These days, it's hard to truly get away from it all. Our high-tech gadgets keep us perpetually plugged in but still we dream of that perfect getaway -- perhaps a bucolic New England town where we can unwind amid nature, poke around country stores and enjoy long dinners with fine wine, preferably within a few feet of a roaring fireplace. After spending a few nights at Windham Hill Inn in southern Vermont, I think I found just such a place.
En route to the inn, I passed through the town of Newfane with a charming village green and white-steepled church and snapped a few photos of nearby Scott Bridge, the state's longest wooden span. Once I pulled into Windham Hill's driveway in West Townsend, an hour's drive northwest of the Brattleboro Amtrak station and saw the snow-lined path leading to an 1825 farmhouse, I thought, so far so good. Instinctively, I whipped out my phone to check email. No service. Even better.
Windham Hill Inn, on 160 acres in the foothills of the Green Mountains, was once a working farm owned by the Lawrence family from Boston. It become an inn in the '70s and has received numerous additions and renovations over the years. Today, the luxury b&b has 21 rooms, 13 in the main house and eight in a restored barn building, many of which are named for the Lawrence children such as Matilda and William, both with wood-beamed ceilings, exposed brick and private decks. In 2009, spearheaded by German-born innkeeper, Katja Matthews, it was awarded membership in the prestigious Relais & Chateaux collection (joining its sister property, the White Barn Inn in Kennebunkport, Maine).
My room, the North Loft, in the barn building was larger than most New York apartments and had everything I needed and nothing I didn't so no television but a delightful sitting area with a gas fireplace, an enormous Jacuzzi tub under a skylight and a four-poster wooden bed. I could have spent the morning snow-shoeing but a deep-tissue massage in the one-room spa was much more enticing. Mount Snow ski resort is nearby and other activities include visits to local cheesemakers and galleries, antiquing, foliage drives and in the summer, hiking and biking, white water rafting and swimming in the inn's heated pool.
In the afternoon, hot apple cider and homemade cookies are served, while pre-dinner, guests gather round the fire in the parlor with wide-planked wooden floors topped with Oriental rugs and overstuffed couches for a glass of wine or the signature maple martini and Vermont cheeses like Lazy Lady Farm goat and Taylor Farm gouda from the complimentary cheese board. In the elegant, candle-lit dining room (open to non-guests), let Wine Director Dan Pisarczyk, who oversees an award-winning 700-bottle cellar, recommend pairings to complement executive chef Graham Gill's seasonal menu which might include butternut squash-and-brie stuffed ravioli and Maine crabmeat-crusted filet mignon with a béarnaise sauce. Come summertime, feel free to join Gill in the organic garden picking everything from rhubarb to raspberries.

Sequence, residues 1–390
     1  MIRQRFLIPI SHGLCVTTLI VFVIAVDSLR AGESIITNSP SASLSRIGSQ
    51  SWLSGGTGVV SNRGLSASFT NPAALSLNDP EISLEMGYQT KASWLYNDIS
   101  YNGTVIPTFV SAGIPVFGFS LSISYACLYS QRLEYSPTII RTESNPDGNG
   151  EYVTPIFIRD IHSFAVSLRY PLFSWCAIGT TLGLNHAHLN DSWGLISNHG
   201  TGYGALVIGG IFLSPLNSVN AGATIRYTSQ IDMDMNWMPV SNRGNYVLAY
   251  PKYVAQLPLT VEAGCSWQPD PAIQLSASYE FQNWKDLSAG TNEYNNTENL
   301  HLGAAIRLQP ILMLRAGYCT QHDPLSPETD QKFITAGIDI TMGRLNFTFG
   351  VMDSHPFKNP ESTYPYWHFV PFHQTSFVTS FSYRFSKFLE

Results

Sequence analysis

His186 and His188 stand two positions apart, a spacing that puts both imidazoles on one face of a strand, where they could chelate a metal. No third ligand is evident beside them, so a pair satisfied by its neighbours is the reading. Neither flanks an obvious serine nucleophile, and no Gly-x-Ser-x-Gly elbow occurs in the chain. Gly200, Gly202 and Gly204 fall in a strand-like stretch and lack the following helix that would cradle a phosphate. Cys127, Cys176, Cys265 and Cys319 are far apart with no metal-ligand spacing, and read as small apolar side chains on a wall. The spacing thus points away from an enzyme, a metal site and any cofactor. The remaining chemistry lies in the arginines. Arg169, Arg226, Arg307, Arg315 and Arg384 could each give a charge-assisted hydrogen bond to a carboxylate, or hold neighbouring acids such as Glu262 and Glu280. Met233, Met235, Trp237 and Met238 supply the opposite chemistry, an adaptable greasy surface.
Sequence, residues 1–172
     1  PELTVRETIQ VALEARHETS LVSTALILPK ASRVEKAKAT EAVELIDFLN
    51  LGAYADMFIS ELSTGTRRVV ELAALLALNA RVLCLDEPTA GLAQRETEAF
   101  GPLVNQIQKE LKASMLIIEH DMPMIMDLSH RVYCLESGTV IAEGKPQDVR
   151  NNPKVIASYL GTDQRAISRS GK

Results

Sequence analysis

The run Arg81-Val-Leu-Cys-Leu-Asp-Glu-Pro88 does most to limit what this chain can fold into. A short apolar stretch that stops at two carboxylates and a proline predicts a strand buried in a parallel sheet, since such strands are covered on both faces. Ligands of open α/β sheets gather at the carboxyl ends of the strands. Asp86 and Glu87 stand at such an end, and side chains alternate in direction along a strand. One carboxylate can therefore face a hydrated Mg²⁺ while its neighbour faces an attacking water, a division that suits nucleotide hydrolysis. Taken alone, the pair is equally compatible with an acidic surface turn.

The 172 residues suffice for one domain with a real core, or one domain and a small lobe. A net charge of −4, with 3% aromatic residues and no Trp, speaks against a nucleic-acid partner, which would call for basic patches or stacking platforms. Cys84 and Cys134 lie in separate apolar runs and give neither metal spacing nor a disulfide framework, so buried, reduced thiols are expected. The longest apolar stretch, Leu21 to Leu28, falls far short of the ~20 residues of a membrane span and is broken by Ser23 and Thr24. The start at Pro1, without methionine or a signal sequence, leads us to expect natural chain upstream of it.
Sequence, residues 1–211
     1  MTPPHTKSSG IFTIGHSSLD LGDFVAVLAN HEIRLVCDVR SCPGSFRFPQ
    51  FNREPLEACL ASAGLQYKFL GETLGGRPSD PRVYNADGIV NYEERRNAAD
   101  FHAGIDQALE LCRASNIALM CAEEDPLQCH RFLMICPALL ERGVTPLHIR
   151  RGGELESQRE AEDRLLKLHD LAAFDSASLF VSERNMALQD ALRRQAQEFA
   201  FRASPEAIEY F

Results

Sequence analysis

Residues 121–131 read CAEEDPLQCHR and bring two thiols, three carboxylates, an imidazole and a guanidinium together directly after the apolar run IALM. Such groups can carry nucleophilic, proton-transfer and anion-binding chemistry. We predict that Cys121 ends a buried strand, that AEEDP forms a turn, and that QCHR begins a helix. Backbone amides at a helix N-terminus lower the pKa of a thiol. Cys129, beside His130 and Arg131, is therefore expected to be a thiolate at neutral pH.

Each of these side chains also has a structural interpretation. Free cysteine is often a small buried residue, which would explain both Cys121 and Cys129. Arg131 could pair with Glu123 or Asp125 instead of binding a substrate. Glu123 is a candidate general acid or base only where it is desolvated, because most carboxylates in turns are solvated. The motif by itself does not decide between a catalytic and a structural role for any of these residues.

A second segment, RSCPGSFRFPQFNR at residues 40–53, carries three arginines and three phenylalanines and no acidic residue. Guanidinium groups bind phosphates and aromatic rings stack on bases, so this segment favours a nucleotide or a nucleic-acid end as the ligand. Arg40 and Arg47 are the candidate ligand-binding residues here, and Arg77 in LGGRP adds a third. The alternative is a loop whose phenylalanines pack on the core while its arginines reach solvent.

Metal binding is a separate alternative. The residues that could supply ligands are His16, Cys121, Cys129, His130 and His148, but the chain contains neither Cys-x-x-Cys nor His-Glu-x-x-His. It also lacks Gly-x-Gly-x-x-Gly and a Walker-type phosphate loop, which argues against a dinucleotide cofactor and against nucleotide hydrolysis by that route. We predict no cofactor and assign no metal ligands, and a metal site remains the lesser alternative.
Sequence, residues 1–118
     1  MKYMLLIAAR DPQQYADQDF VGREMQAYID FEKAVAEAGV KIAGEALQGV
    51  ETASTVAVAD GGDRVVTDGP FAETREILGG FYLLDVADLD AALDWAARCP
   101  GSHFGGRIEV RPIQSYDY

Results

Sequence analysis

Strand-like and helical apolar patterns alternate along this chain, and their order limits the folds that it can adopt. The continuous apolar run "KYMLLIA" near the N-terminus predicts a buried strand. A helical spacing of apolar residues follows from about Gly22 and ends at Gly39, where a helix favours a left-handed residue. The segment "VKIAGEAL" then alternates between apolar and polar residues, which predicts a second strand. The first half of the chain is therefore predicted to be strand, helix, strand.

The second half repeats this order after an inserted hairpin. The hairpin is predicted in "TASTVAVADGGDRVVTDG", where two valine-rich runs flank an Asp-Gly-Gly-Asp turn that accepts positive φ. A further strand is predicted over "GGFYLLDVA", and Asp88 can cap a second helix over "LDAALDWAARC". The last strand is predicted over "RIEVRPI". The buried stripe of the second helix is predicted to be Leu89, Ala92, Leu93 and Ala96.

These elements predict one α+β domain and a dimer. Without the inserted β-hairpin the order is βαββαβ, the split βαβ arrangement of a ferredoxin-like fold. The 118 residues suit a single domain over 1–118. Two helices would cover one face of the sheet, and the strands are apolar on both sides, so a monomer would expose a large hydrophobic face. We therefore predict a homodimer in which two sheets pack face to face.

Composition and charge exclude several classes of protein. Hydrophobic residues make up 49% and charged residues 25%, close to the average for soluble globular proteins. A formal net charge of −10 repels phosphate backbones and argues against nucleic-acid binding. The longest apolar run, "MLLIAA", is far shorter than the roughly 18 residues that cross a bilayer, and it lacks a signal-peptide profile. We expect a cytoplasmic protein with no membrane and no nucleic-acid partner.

I very quickly got used to the inn's low-tech pace (it sits in a "dead zone" so cell and wifi service are spotty) and could have easily spent more than a few nights there, especially since the attention to detail is so impressive--the jazz music isn't too loud, the lighting isn't too dim. The rooms have full-length mirrors and bathroom lighting bright is enough to do your makeup by--little things that make such a difference but are so frequently overlooked. Additionally, staff knows exactly when you need a coffee refill at breakfast or when to deliver a blanket while sitting on one of the outdoor Adirondack chairs. And there's no end to what Katja won't do for her guests--from driving 15 minutes every morning to pick up the New York Times and Boston Globe so they're in the parlor when guests arise to personally delivering a room service order.
On the morning of my departure, I read some of the comments from my in-room guestbook (not surprisingly, I noticed many repeat guests). They commented on the service, the cuisine and the family-like atmosphere but, interestingly, one guest left no words or signature but simply an ink drawing of the room's comfy armchair with a plaid woolen blanket draped over it. I think that says it all.
Windham Hill Inn rates start at $255 and include a full breakfast. Inquire about its popular Wine Series dinners throughout the year. Upcoming dates include March 2, June 15 and July 20.
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